Annuity Markets, Savings, and the Capital Stock
In: Issues in Pension Economics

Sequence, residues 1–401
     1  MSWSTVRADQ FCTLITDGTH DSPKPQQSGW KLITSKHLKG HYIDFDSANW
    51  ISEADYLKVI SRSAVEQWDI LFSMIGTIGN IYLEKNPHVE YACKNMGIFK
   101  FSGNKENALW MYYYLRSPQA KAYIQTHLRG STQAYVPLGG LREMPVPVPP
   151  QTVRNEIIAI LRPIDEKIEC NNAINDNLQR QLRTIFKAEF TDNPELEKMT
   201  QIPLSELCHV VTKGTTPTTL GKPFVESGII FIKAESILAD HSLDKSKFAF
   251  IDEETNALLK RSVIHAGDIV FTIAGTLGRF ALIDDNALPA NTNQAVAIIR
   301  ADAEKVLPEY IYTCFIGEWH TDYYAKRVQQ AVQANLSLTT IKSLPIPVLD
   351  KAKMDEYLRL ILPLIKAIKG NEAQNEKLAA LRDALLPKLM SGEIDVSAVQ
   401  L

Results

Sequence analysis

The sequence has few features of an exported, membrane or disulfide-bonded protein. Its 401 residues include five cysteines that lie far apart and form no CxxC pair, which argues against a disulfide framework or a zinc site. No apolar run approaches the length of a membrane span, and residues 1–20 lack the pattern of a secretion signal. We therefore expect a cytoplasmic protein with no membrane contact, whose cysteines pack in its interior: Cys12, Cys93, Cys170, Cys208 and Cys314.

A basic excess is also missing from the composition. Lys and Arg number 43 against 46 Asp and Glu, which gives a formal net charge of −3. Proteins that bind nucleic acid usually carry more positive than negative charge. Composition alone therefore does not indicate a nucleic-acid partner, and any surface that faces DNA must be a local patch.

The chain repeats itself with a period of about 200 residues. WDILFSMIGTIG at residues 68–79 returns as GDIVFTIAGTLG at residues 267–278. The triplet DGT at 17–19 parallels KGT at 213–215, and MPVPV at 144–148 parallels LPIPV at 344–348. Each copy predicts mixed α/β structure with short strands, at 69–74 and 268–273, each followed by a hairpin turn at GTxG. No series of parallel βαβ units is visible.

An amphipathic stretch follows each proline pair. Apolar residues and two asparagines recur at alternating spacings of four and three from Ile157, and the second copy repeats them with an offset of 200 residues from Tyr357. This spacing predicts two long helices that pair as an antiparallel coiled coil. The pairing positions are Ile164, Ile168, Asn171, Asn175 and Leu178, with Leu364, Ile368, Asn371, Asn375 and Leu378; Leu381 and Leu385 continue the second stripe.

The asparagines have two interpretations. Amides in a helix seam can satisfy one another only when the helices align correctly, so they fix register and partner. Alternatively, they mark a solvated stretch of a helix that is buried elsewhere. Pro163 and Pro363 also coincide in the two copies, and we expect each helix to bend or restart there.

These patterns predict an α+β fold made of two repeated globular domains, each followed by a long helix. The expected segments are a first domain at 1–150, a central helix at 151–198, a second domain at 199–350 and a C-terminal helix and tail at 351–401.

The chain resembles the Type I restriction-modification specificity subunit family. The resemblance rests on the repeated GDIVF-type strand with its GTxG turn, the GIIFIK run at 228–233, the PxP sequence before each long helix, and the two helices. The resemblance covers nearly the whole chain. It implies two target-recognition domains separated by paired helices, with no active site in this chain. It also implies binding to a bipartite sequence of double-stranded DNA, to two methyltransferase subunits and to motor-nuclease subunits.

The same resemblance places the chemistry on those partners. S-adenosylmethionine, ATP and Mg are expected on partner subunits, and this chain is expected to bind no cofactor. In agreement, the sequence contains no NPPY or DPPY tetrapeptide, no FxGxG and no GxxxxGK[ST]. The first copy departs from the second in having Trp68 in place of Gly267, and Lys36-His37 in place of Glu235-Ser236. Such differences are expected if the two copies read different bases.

This article examines how the availability of annuities affects savings and inequality in economies in which neither private nor public pensions initially exist. The absence of widespread market or government annuity insurance is clearly descriptive of many less developed countries in the world today; it was also a characteristic of virtually all countries prior to World War II. The paper compares economies with perfect insurance with economies in which completely selfish parents and children pool longevity risk to their mutual advantage. The analysis of the latter economies takes into account the infinite sequence of risk sharing bargains of successive parents with their children. Such bargains affect current risk sharing between parents and child because they determine the welfare of current children when they become parents. Calculations based on the CBS utility function indicate that perfecting annuity insurance can significantly reduce national savings. Indeed, the insurance aspects of government pensions are potentially as important as underfunding government pensions in reducing national savings.
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